Very early on Francesco said that the church can't remain so self-referential.  If this reform movement becomes about the clerics and the curia, it will be doomed - another exercise in "solemn nonsense."

Reforming the curia sounds impressive, but real change in the issues that have caused the most dissent in the church .... the way the church has been dealing with women's ordination, LGBT people, sex abuse, enforced celibacy for clergy .... doesn't seem to be happening.  Today I saw a story in the Tablet ... http://www.thetablet.co.uk/latest-news/5716  .... which basically says the church will never alloow women to be priests   :(

Crystal:  your link (correct btw) won't take the non-subscriber to what is essentially a free article.  Who knows why?  However, I opened my subscription and here is the article for the benefit of other readers:

 

Latest News

Lehmann rules out women priests

3 October 2013

Women's ordination would split the Church, Cardinal Karl Lehmann of Mainz has warned.

Asked in an interview with the German Catholic Church's official internet portal katholisch.de when he thought the Church would allow women to become priests, Cardinal Lehmann said that, although he personally could imagine it happening, as a Catholic theologian he did not see how the Church could change the teaching of Popes John Paul II and Benedict XVI.

But he said women's ordination must not be made a yardstick of women's standing in the Church. "I wish we could have been definitive on the ordination of women as permanent deacons. The discussion over the last 20 or 30 years has been too slow for my taste ... Meanwhile we must open all the other important positions there are in the Church for women."

Asked to evaluate the first six months of Pope Francis's papacy, Cardinal Lehmann said Francis had made a strong start but it was worth remembering that as regards spiritual renewal, theological world vision and analysis of the Church's place in the world, Pope Benedict XVI "did a great deal which will have a lasting place in the future Church."

Pope Francis's "impulses and charismatic impacts" must now lead to renewal, he stressed.

---------------------

Of course, the last time I looked, Lehmann is not the final word on these things.

Thanks, Jim!  :)

I'm sure that the captain of the Titanic wasn't too worried about the placement of the deck chairs, but this man had a legitimate concern:   "He who travels in the barque of Peter had better not look too closely into the engine room."   Msgr. Ronald Knox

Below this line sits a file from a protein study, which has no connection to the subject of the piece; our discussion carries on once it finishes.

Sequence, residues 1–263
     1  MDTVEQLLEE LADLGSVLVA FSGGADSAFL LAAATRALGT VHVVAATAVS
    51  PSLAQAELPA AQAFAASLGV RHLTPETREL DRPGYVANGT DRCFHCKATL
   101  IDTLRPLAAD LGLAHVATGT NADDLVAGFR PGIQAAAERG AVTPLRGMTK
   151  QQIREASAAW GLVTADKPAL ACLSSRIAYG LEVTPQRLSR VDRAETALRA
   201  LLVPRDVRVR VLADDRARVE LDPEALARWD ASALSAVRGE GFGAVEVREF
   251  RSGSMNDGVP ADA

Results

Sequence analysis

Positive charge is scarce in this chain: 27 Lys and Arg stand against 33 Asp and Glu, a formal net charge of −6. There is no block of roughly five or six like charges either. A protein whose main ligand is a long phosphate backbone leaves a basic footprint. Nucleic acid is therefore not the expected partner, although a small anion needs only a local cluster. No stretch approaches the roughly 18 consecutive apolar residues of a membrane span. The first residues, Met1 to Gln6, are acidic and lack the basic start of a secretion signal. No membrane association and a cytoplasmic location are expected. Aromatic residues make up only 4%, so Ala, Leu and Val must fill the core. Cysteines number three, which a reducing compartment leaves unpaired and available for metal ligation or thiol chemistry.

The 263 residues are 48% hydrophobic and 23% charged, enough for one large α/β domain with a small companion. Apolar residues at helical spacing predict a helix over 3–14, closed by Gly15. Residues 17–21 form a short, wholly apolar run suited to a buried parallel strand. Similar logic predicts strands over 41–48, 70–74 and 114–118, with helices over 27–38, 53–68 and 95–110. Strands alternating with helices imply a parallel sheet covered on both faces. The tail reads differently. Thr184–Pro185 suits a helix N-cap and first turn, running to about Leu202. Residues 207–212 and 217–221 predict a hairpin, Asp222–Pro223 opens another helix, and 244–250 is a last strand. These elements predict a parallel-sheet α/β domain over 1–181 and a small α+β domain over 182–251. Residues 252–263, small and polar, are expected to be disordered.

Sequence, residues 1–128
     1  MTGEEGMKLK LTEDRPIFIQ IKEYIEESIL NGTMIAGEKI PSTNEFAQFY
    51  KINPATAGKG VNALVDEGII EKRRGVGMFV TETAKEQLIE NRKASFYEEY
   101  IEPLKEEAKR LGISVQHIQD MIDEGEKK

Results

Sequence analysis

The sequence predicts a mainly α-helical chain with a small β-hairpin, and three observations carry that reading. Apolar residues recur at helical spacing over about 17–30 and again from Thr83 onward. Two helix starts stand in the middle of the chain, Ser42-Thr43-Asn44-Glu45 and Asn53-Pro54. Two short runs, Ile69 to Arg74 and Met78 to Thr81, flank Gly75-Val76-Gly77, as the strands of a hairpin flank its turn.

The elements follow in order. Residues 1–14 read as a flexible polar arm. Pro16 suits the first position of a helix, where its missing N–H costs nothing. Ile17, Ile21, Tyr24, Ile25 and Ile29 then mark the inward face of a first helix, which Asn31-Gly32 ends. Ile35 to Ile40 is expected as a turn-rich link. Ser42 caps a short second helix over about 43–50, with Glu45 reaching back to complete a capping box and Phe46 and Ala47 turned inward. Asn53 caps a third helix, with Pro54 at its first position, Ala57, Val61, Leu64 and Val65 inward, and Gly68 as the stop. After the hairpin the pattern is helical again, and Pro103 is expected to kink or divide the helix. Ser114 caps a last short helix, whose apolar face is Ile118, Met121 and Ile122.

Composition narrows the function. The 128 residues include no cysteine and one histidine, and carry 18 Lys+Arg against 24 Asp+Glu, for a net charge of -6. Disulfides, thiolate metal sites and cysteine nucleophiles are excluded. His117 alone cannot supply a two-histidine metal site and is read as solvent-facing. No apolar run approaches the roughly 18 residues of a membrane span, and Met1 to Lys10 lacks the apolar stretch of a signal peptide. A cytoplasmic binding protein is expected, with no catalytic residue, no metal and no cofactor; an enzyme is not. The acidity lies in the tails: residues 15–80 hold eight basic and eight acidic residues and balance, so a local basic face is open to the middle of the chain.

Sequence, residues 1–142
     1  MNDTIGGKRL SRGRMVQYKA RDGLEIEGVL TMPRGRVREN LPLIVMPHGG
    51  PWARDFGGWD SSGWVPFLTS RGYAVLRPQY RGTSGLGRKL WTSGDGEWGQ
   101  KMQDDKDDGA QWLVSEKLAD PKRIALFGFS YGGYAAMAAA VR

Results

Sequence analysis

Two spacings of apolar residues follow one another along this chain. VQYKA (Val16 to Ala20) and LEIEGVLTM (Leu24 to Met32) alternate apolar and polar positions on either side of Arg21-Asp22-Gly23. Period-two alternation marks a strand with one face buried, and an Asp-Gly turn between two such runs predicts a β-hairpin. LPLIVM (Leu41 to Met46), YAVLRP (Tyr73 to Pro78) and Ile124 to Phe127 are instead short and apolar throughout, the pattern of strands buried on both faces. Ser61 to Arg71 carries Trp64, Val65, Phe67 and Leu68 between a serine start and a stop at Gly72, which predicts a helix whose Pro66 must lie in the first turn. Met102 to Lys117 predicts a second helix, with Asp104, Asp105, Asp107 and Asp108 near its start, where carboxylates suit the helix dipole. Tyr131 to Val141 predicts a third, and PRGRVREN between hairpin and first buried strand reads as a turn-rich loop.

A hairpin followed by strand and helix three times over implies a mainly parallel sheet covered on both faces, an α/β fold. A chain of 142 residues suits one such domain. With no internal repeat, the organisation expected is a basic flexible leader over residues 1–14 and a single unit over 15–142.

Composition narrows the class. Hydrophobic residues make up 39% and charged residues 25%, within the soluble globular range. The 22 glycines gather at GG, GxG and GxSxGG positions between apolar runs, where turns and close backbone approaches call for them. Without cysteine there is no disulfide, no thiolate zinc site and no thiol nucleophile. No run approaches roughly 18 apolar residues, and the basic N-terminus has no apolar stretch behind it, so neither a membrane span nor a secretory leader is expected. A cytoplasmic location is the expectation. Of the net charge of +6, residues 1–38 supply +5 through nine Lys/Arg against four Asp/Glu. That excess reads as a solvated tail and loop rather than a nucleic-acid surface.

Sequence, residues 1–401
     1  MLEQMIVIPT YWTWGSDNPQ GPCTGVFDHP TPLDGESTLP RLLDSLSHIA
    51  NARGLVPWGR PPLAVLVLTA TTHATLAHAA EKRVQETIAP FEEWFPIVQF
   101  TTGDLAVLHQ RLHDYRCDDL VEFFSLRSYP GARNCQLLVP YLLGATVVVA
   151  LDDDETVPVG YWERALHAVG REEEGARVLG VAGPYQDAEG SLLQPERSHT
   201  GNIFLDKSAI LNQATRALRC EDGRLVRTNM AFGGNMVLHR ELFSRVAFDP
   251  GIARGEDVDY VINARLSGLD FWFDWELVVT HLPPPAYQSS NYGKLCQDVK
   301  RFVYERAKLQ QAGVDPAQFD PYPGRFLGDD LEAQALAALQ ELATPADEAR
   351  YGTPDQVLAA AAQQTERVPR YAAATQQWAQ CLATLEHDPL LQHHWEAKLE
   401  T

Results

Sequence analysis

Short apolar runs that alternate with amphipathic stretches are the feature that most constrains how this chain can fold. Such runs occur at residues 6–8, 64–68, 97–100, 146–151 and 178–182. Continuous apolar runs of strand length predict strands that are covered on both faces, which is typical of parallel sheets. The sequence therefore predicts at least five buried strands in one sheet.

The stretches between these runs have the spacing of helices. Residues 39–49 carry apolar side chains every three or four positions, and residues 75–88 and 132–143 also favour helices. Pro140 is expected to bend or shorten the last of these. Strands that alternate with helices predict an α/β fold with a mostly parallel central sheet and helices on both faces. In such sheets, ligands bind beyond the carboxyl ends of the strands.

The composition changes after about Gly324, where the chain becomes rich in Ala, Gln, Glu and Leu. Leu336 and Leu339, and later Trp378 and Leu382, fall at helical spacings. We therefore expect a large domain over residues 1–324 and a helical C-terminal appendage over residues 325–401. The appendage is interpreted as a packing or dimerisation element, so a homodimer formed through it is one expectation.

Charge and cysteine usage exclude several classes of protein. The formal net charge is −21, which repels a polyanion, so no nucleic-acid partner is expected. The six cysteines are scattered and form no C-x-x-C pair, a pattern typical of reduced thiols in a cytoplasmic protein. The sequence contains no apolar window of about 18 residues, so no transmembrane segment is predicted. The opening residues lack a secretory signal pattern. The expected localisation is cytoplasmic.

It is about time that this is taken into account: “Quod omnes tangit debet ab omnibus approbari.”

I like them against the Pirates. With Francis, they have a full lineup.

Jim Jenkins (6:01 p.m.): The deck chairs on the Titanic are a metaphor for useless activity in a crisis. Reforming the Curia is not, right off the bat, a useless activity, since everyone on the left and right and in the center seems to agree it is necessary, even if they disagree about how the Curia should change.

It might be argued that no matter what Pope Francis does, the Curia, like a waterbed, will resume its old shape when he gets off of it. But that would call for Sisyphus as the metaphor, not the Tintanic, ainna?

The important thing here is that Pastor Bonus is dead, collegiality is restored, and Vatican II is going to be implimented, showing the continuity of Francis with The Popes of Vatican II.  The most important consequence of this development is that history will show that the papacies of John Paiul II and Benedict XVI were aberations. They were bumps in the road to the full implementation of Vatican II, driven by egos of two Popes who favored power over collegiality, and tried to undo the work of the Holy Spirit with their perverse interpretation of the hermeneutic of Vatican II.    They have a lot to answer for.  And BTW it is for this reason that I think it is a great disservice to John XXIII that he will be canonized on the same day as JPII, who worked assiduously against John XXIII's view of the Church.  In my opinion each should have his own canonization ceremony.

Alan, do you think they should be canonized at all?